• Any felony conviction.

It is still possible to get insurance without a clean record, but plumbers often face higher insurance rates and take longer to advance in their career if they have an extensive criminal record.

Enroll in a Technical Plumbing Course

Once you graduate high school, the typical next step is to sign up for a technical school or take a plumbing class from a community college. These classes cover both classroom and practical lessons focusing on the following areas:

  • Draining.
  • Venting.
  • Basic carpentry skills.
  • Cutting and soldering different types of pipes.
  • Understanding water heating systems.
  • Learning state and federal plumbing regulations.

Students can sign up with a plumbing association as well. This can be a good way for plumbers to network and learn more about their trade.

Obtaining Certification

After passing a trade course, the next step is to become certified as a plumber. Plumbers must pass both a practical and written test to become certified. Where you take the test depends on the state. Some states provide the tests through local schools. In most states, you must become an apprentice before becoming a journeyman plumber, but some states waive this requirement.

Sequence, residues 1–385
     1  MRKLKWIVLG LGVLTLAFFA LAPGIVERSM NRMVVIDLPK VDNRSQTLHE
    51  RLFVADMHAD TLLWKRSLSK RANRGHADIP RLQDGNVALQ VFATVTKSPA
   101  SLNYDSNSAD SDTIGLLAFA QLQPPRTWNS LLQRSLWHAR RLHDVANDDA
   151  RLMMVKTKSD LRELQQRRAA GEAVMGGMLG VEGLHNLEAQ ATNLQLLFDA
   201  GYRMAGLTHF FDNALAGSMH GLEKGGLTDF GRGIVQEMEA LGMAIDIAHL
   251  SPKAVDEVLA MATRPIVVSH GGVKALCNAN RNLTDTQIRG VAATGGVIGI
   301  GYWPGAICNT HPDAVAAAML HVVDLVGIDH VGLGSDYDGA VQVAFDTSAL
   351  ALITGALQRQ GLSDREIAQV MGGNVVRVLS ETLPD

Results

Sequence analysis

Find an Apprenticeship

Even if you are not required to become an apprentice, it is can be a good idea to learn under a master plumber. Becoming an apprentice gives you the chance to develop your skills without having to take too much responsibility on the job.

If you are not confident in your abilities, work as an apprentice until you feel ready to become a journeyman plumber. The length of your apprenticeship changes depending on the state, but it often takes several years to complete.

Advancing as a Plumber

Once you are done with your apprenticeship, you typically receive the certification needed to become a journeyman plumber. Journeyman plumbers must generally renew their credentials every couple of years, as determined by the state. Journeyman plumbers may advance to master plumbers after two years.

Becoming a master plumber involves completing a written and practical exam. Master plumbers are the only plumbers allowed to design and create new plumbing systems.